Malaria is an infection with Plasmodium sp. Symptoms and signs include fever (possibly periodically), chills, sweating, hemolytic anemia and splenomegaly. The diagnosis is made by the optical detection of plasmodia in peripheral blood smears. Therapy and prophylaxis depend on the species and drug sensitivity; There are a fixed combination of atovaquone and proguanil, derivatives of artemisinin, doxycycline, mefloquine, chloroquine and quinine are available. With P. vivax or P. ovale infected patients also primaquine a recurrence get to prevent. Malaria is Africa endemic in large areas of South and Southeast Asia, North and South Korea, Mexico, Central America, Haiti, the Dominican Republic, South America (including northern parts of Argentina), the Middle East (including Turkey, Syria, Iran and Iraq) and in Central Asia. The Centers for Disease Control and Prevention (CDC) have a maps app online that displays the most recent data on the prevalence of malaria worldwide; also included are the type of malaria, the resistance patterns and the recommended prophylaxis (s. CDC Malaria Map Application). between 300 and 500 million people worldwide are infected and it comes every year to about 655,000 deaths, mostly in children <5 years in Africa. Malaria occurred once also endemic in the United States. In the US, about 1,500 cases annually. Nearly all were purchased abroad, but very few come into being through blood transfusions or rarely through transfers by local mosquitoes after a blood meal of infected immigrants. Pathophysiology Plasmodium species that infect humans are P. falciparum P. vivax P. ovale P. malariae P. knowlesi A simultaneous infection with more than one Plasmodium species is unusual. Also transmissions from only occurring in other primates malaria variants ( "Simian Malaria") has been reported to humans; P. knowlesi is an emerging pathogen in Southeast Asia. The extent to which P. knowlesi is transmitted from person to person via mosquitoes without the monkeys as a natural intermediate host, is currently under investigation. The basic life cycle for all four Plasmodium sp. (Life cycle of Plasmodium.) Are identical. The cycle begins in that a female Anopheles mosquito a person suffering from malaria stings and sucks gametozytenhaltiges blood. During the next 1-2 weeks, the gametocytes multiply inside the mosquito sexually and form infectious sporozoites. When the mosquito bites another human, sporozoites are inoculated and reach the liver and infect hepatocytes. The parasites mature within the hepatocytes to Gewebeschizonten. Each schizont forms 10,000-30,000 merozoites that are released 1-3 weeks later in the rupture of the hepatocytes into the blood stream. Each merozoite can affect one red blood cells and be converted there into a trophozoite. The trophozoites grow and develop into erythrocyte schizonts. Schizonts form more merozoites, which leave the red blood cells rupture 48-72 hours later and released into the plasma. These merozoites then attacked quickly new red blood cells, and the cycle repeats itself. Some trophozoites develop into gametocytes, which are incorporated by Anopheles mosquito. They unite sexually in the gut of the mosquito, develop into oocysts and release infectious sporozoites which migrate to the salivary glands. Life cycle of Plasmodium. The life cycle of malaria parasites include two hosts. During a blood meal inoculated a malaria infected female Anopheles mosquito sporozoites into the human organism. Sporozoites infect the liver cells. There, the sporozoites mature into schizonts. The schizonts rupture and merozoites set free. This initial replication in the liver is called exoerythrozytischer cycle. Merozoites infect red blood cells. There, the parasite asexual (the so-called red cell cycle) increased. The merozoites develop into "ring shape" -Trophozoiten. Some then mature into schizonts. The schizonts rupture and merozoites set free. Some trophozoites differentiate into gametocytes. During a blood meal, an Anopheles mosquito swallows the male (Mikrogametozytes) and female (macrogametocytes) gametocytes and starts the sporogonen cycle. In the stomach of the mosquito, the microgamete penetrate the macrogametes and produce zygotes. The zygotes are movable and elongated and develop into ookinetes. The ookinetes penetrate the wall of the midgut of the mosquito, where they develop into oocysts. The oocysts grow, rupture and release sporozoites, which migrate to the salivary glands of the mosquito. Inoculation of the sporozoites into a new human host maintains the malaria life cycle. In P. vivax and P. ovale (but not P. falciparum or P. malariae), Gewebeschizonten may persist as Hypnozoiten in the liver for years. There are relapses of P. ovale after up to six years after an episode of symptomatic malaria occurred and the infection was transmitted through blood transfusion from a person who was exposed to seven years prior to blood donation. These dormant forms serve as "time bombs" that lead to relapses and may complicate chemotherapy because they are not killed by most drugs commonly used in circulating in the blood parasites are effective. The präerythrozytäre (hepatic) stage of the malaria life cycle is skipped if the infection is transmitted through blood transfusion, through the sharing of needles or congenital. Hence it is not a latent disease and delayed relapses in these types of transmission. The clinical symptoms associated with the rupture of red blood cells and thereby released merozoites. In a severe infection occurs due to the hemolysis to anemia and jaundice, which are exacerbated by the phagocytosis of infected erythrocytes in the spleen. In a P. falciparum - or chronic infection P. vivax can cause severe anemia, with P. malariae this is milder pronounced. Falciparum malaria (falciparum malaria) Unlike the other forms of malaria falciparum it comes to microvascular obstruction in P., as infected erythrocytes adhere to vascular endothelial cells. Because of ischemia tissue hypoxia arise in particular in the brain, kidneys, lungs and gastrointestinal tract. Hypoglycemia and lactic acidosis are other possible Komplikationen.Resistenz against infection Most West Africans have a complete resistance to P. vivax because their RBCs lack the Duffy blood group, which is required for the recognition of P. vivax in erythrocytes; many African Americans are resistant. The development of Plasmodium in red blood cells is delayed in patients with hemoglobin S, hemoglobin C, thalassemia, G6PD deficiency or elliptocytosis. Earlier infections result in partial immunity. If residents hyper endemic areas leave this goes acquired immunity back (months to years) and can occur when re-entry after infection to symptomatic malaria. Symptoms and signs The incubation period for P. vivax usually 12 to 17 days for P. falciparum usually 9-14 days, 16-18 days longer for P. ovale and about one month (18-40 days) or longer (years ) for P. malariae. However, some P. vivax strains temperate climates can lead to clinical disease takes months to> 1 year after infection. Manifestations that are common to all forms of malaria fever and chills – the paroxysmal attack of malaria anemia jaundice splenomegaly hepatomegaly The paroxysmal attack of malaria coincides with the release of merozoites from ruptured red blood cells along the classic bout of malaria begins with malaise, abrupt chills and fever, which on 39-41 ° C increases rapidly and filamentary pulse, polyuria, headache, myalgia and nausea. After 2-6 hours the fever drops again, and occurs within 2-3 h to heavy sweating, followed by extreme fatigue. The fever often rises at the beginning of the infection rapidly. For established development cycles malaria attacks mostly come depending on the species every 2-3 days before; However, the intervals are not rigid. Most splenomegaly is palpable at the end of the first clinical disease week, can falciparum in P. also missing. The enlarged spleen is soft and vulnerable to a traumatic rupture. With repeated recurrences of malaria splenomegaly may be declining due to the development of a functional immunity. After many attacks the spleen can fibrose be hard or in some patients massively enlarge (tropical splenomegaly). Usually it is also used in splenomegaly in a concomitant hepatomegaly. P. falciparum causes due to its microvascular effects of the most severe forms of the disease. It is the only Plasmodienart that with high probability, result in the absence of treatment to death; non-immune patients can die within days of their initial symptoms. Patients with cerebral malaria may develop symptoms ranging from an irritability of convulsions to coma. It may (a afebrile, shock-like syndrome) and lead to severe thrombocytopenia also lead to acute respiratory distress syndrome (ARDS), diarrhea, jaundice, epigastric discomfort, Netzhauthämorrhagien, algider malaria. Due to the volume depletion to renal insufficiency may develop by parasitically infected erythrocytes or deposition of immune complexes can cause vascular occlusion. Due to intravascular hemolysis haemoglobinemia hemoglobinuria and can result, which can be either (so named after the blackening of urine) spontaneously or after treatment with quinine in a blackwater fever proceed. Hypoglycaemia occurs frequently and can be enhanced by quinine associated with hyperinsulinemia. Placental contribution may lead to low birth weight, spontaneous abortion, stillbirth or a congenital infection. P. vivax, P. ovale and P. malariae usually not impair other organs. It rarely comes to deaths that come mostly through a ruptured spleen or uncontrolled Hyperparasitämie at asplenischen patients about. The clinical course of P. ovale is similar to that of P. vivax. For established infections temperature peaks in 48-h intervals occur on three-day pattern. P. malariae infections often do not cause acute symptoms, but a weak distinctive parasitaemia may persist for decades and lead to immune complex-mediated nephritis or nephrosis or tropical splenomegaly; at a symptomatic course of the fever tends in 72-h intervals to act-a four-day pattern. Malaria can (see table: prevention of malaria) in patients who have taken chemoprophylaxis, have an atypical. The incubation period can extend up to several months after you stop taking it for weeks. Infected individuals may develop headaches, back pain and irregular fever, but the parasite may initially be difficult to find in blood samples. Diagnostic light microscopy of blood (thin and thick smears) Rapid blood assays that detect Plasmodium antigens or enzymes fever and chills that occur when an immigrant or traveler coming from an endemic area should be cause for immediate investigation on malaria , Most cases occur within the first 6 months, but it can also take up to 2 years, rarely longer. A malaria can be diagnosed by the microscopic identification of parasites in the blood smear or thicknesses drops. The infecting species (which treatment and prognosis determined) is carried in the blood smear characteristics identified (see Table: diagnostic features for the differentiation of Plasmodium species in a blood smear). If the initial blood smear is negative, should be performed every 4-6 hours more blood smears. Thin blood smears stained with Wright-Giemsa stain allow an assessment of the morphology of the parasite within the erythrocyte, often speciation, and the determination of Parasitämieanteils. Thick blood smears are more sensitive, but more difficult to produce and evaluate, as the red blood cells are lysed prior to staining. Sensitivity and accuracy of the results depend on the experience of the examiner. Commercial rapid test based on the presence of certain Plasmodiumantigene or enzyme activities. Assays may be a histidine-rich protein 2 (HRP-2), the malaria parasites (in particular P. falciparum and P. vivax) is associated and plasmodiumassoziierte lactate dehydrogenase (pLDH) detected. The rapid tests are comparable in sensitivity in detecting low levels of parasitemia with microscopy; However, they do not distinguish a single infection of a simultaneous infection with more than one Plasmodium sp or leave a speciation to (with the exception of P. falciparum). Light microscopy and rapid tests are complementary examinations and both should be performed when they are available. They have a similar sensitivity. Negative results in both include malaria in a patient with low parasitaemia not. PCR and species-specific DNA probes can be used, but are not widely available. Because serological tests may indicate previous exposure, they are not suitable for the diagnosis of acute malaria. Diagnostic features for differentiation of Plasmodium species in the blood smear characteristic Plasmodium Vivax Falciparum Sp * malariae † Enlarged infected erythrocytes Yes No No Schiiffner dots ‡ Yes No No Maurer’sche Fleckung or columns No Ja§ No Multiple infections in the erythrocytes Rarely Yes No ring molds with 2 Chromatinpunkten Rarely Frequently No crescent-shaped gametocytes No Yes No Bayonet or Bandtrophozoiten No No Yes schizonts in peripheral blood Yes Yes Rare number of merozoites per schizont (mean [Range]) 16 (12-24) 12 (8-24) ¶ 8 (6-12) * erythrocytes with P . oval are infected (fimbriae) are provided with fringes, oval and slightly larger; otherwise the parasite P. vivax are similar. † P. knowlesi resembles morphologically P. malaria and was confused with either. ‡ A Schiiffner dots is best seen when the blood smear with Giemsa stain is colored. §Dieses feature is not always visible. ¶Schizonten are included in intestines and not usually present in the peripheral blood. Treatment antimalarials antimalarials are selected based on the clinical manifestations of the infecting Plasmodium sp, known resistance patterns of the tribes in the region of infection and the effectiveness and the side effects of available drugs. In some endemic areas, a considerable proportion of antimalarial drugs available on site is fake. That’s why some doctors advise travelers in remote areas with a high risk to take a full course of an appropriate treatment regimen used when a medically confirmed malaria is acquired despite prophylaxis; This strategy also avoids using up limited resources medicines in the target country. Malaria is particularly dangerous for children <5 years and pregnant women not previously exposed Visitors endemic areas. Mortality is highest among children <2 years. On suspicion of P. falciparum immediate therapy should be initiated, even if the initial smear is negative. P. falciparum and P. vivax, more recently, increasingly have resistances on to drugs against malaria. On recommended drugs and doses for the treatment and prevention of malaria, see table: treatment of malaria and prevention of malaria. Common side effects and contraindications are listed in side effects and contraindications of drugs against malaria. See the CDC website (Malaria Diagnosis and Treatment in the United States) or call for treatment advice whose Malaria Hotline at 770-488-7788 to (outside of business hours, on weekends or holidays, call 770-488-7100 to) , If there is a febrile illness while traveling in an endemic area, medical help should be sought immediately. If no quick evaluation is possible (for. Example, because the region is very remote), a self-medication with artemether / lumefantrine or atovaquone / proguanil can be done to the exclusion of malaria disease. If imagine travelers after returning from an endemic area with a fever and no other diagnosis is made, clinicians should consider for uncomplicated malaria the gift of an empirical treatment should, even if Malariaausstriche and / or rapid diagnostic tests are negative. Treatment of malaria preferences Medikamenta adult dosage dosage for Kinderb P. falciparum or unidentified species that have been acquired in all malaria areas, except those specified as chloroquine-sensitive are-oral medications. Drug of choice 4 certain adult tablets 1 times daily for 3 days <5 kg atovaquone / Proguanilc: Not Specified 5-8 kg: 2 for children 9-10 kg for 3 days certain tablets 1 time daily: 3 intended for children tablets 1 times daily for 3 days from 11 to 20 kg: 1 adult tablet intended for one-times daily for 3 days from 21 to 30 kg: 2 tablets intended for adults 1 times daily for 3 days from 31 to 40 kg: 3 for adults certain tablets 1 times daily for 3 days> 40 kg: 4 tablets intended for adults 1 times daily for 3 days or artemether / lumefantrind 6 doses (1 dose = 4 tablets) for 3 days (after 0 , 8, 24, 36, 48 and 60 h) 6 doses at intervals as for the adult; Dose = 5 <15 kg: 1 tablet 15- <25 kg: 2 tablets 25- <35 kg: 3 tablets ? 35 kg: 4 tablets or quinine sulfate plus one of the following: 650 mg all 8 h for 3 or 7 Tagee 10 mg / kg every 8 h for 3 or 7 Tagee Doxycyclinf 100 mg 2 times a day for 7 days 2.2 mg / kg 2 times daily for 7 days Tetracyclinf 250 mg 4 times daily for 7 days 6.25 mg / kg four times daily for 7 days Clindamycing 7 mg / kg 3 times daily for 7 days 7 mg / kg 3 times daily for 7 days Alternative (if no other options can be used) Mefloquinh 750 mg salt , then 500 mg salt 6-12 h later, 15 mg salt / kg, then 10 mg salt / kg 6-12 h later P. falciparum and unidentified species that were acquired in chloroquine-sensitive regions (Central America west of the Panama canal malariae, Haiti, Dominican Republic, the majority of the Middle East) and P. and P. knowl esi in all regions-oral drug agent of choice Chloroquinphosphati, j 1 g of salt (600 mg base), then 500 mg of salt (300 mg base) after 6, 24 and 48 h 10 mg / kg body weight (up to 600 mg base) then 5 mg base / kg after 6, 24 and 48 h or Hydroxychloroquinj 800 mg salt (620 mg base), then 400 mg of salt (310 mg base) after 6, 24 and 48 h 10 mg base / kg, then 5 mg / kg after 6, 24 and 48 h P. vivax (unless of chloroquine-resistant regions) or P. ovale oral medications drugs of choice Chloroquinphosphati, j or Hydroxychloroquinj dosed as above plus 30 mg Primaquink Base 1 times a day for 14 days 1 kg twice daily for 14 days P. vivax acquired in areas 0.5 mg base /, known -orale for chloroquine-resistant P. Vivaxl (Papua New Guinea, Indonesia) A drugs Medicinal Products for choice A. quinine sulfate plus one of the following options: 650 mg salt 3 times daily for 3 or 7 Tagee 10 mg salt / kg 3 times daily for 3 or 7 days e Doxycyclinf 100 mg two times daily for 7 days 2 , 2 mg / kg 2 times a day for 7 days Tetracyclinf 250 mg 4 times daily for 7 days 6.25 mg / kg 4 times daily for 7 days, or B. atovaquone / 4 Proguanilc certain adult tablets 1 times daily for 3 days <5 kg: Not Specified 5-8 kg: 2 tablets intended for children 1 times daily for 3 days 9-10 kg: 3 tablets intended for children for 3 days from 11 to 20 kg 1 times a day: one particular for adults tablet for 3 days from 21 to 30 kg 1 times a day: 2 tablets intended for adults for 3 days from 31 to 40 kg 1 times a day: three specific adult tablets 1 times daily for 3 days> 40 kg: 4 for adults certain tablets 1 time daily for 3 days or C. Mefloquinh 750 mg salt, then 500 mg 6-12 hours later, 15 mg salt / kg, then 10 mg / 6 kg 12 h later treatment plan A, B or C plus 30 mg Primaquink Base 1 times a day for 14 days 0.5 mg base / kg for 14 days seriousness 1 twice daily infection, all the plasmodium parenteral medication drugs of choice Chinidingluconatmplus one of the following options: Doxycyclinf, n Tetracyclinf Clindamycing, o 10 mg salt / kg dose in saline solution within 1 h, then a continuous infusion ion of 0.02 mg salt / kg / min within 4 h for at least 24 h or 24 mg salt / kg dose in 4 h, then infused 12 mg salt / kg every 8 hours beginning 8 hours after the initial dose Once the parasite density <1% and the patient can take oral medications, the treatment is with oral quinine doses above completes Just like for adults (except doxycycline and tetracycline, which are not used in children) or (investigational) Artesunatp a qplus the following: atovaquone / Proguanilc Doxycyclinf, n Clindamycing, o Mefloquinh After the "new drug protocol" in the test phase (contact CDC information about drugs and the dosage) Just as for adults (with the exception of doxycycline, which is not used in children) prevention of relapses: Only P. vivax and P. ovale drug of choice primaquine 30 mg p.o. Base 1-mal täglich für 14 Tage nach Verlassen der endemischen Region 0,5 mg Base/kg p.o. 1-mal täglich für 14 Tage nach Verlassen der endemischen Region a Nebenwirkungen und Kontraindikationen der Medikamente gegen Malaria für Nebenwirkungen und Kontraindikationen. Wenn sich Malaria während einer prophylaktischen medikamentösen Behandlung entwickelt, sollte das Medikament nicht als Teil des Behandlungsschemas verwendet werden. bDie pädiatrische Dosierung sollte die Dosis für Erwachsene nicht überschreiten.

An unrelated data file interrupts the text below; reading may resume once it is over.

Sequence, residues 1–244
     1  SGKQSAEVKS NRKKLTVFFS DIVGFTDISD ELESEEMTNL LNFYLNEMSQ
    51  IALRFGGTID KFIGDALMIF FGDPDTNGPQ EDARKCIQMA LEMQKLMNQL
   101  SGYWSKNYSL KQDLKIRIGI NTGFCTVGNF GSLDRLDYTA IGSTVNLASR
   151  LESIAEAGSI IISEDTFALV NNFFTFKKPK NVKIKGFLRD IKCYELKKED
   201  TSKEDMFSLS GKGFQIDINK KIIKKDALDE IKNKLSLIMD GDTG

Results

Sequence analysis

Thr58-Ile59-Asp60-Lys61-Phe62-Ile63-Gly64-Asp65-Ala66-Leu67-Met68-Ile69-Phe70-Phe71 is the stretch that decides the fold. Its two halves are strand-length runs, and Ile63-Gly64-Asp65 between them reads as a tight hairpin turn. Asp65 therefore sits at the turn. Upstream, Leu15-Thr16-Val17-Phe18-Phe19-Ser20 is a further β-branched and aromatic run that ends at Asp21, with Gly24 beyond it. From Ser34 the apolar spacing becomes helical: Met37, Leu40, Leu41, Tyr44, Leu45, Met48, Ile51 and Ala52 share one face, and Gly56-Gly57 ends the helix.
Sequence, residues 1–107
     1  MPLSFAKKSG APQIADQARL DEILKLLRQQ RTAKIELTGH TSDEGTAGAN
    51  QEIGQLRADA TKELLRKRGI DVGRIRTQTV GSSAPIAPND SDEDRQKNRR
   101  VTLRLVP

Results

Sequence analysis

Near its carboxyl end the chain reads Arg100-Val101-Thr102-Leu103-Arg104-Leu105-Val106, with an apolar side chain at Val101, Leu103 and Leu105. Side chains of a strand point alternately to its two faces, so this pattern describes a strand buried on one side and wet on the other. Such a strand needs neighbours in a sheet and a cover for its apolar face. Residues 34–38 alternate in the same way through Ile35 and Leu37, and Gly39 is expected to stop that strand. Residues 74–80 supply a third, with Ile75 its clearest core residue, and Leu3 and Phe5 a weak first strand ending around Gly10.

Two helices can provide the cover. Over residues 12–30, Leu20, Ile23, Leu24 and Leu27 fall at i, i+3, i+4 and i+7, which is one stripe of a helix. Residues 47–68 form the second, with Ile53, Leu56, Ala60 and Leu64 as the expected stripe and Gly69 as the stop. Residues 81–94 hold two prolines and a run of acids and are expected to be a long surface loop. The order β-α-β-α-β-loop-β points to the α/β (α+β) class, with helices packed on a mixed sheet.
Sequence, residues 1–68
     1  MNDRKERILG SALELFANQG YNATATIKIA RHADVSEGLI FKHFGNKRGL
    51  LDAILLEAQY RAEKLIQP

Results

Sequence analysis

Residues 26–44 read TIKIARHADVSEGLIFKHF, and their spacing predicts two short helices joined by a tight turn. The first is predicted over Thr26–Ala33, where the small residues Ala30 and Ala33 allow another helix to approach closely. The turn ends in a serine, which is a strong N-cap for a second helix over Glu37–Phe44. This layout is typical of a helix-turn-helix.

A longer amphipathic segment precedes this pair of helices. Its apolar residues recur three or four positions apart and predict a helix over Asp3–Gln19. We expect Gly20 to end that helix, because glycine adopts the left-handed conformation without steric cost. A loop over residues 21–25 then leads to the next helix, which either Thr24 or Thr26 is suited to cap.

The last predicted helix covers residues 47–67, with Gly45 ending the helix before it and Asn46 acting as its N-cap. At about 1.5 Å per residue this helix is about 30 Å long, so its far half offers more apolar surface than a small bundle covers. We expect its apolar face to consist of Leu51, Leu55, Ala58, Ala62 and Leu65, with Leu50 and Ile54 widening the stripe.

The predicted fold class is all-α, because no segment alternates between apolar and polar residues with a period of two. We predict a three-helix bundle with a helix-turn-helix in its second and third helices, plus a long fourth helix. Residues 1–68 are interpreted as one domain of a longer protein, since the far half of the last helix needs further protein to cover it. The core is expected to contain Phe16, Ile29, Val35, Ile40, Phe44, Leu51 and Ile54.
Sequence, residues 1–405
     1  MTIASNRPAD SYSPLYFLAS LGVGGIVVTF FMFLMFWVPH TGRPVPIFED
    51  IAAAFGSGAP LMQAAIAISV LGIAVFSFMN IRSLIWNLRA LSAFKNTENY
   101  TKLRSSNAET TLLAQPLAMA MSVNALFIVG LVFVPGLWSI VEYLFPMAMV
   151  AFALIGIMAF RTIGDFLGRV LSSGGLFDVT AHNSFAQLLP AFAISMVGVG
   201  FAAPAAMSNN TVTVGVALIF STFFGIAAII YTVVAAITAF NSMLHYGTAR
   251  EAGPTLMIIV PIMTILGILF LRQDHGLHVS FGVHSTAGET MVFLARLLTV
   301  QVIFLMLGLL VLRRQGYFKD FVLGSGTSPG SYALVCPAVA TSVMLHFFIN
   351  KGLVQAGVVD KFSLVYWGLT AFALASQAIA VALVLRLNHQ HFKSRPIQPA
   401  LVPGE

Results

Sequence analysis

Health Life Media Team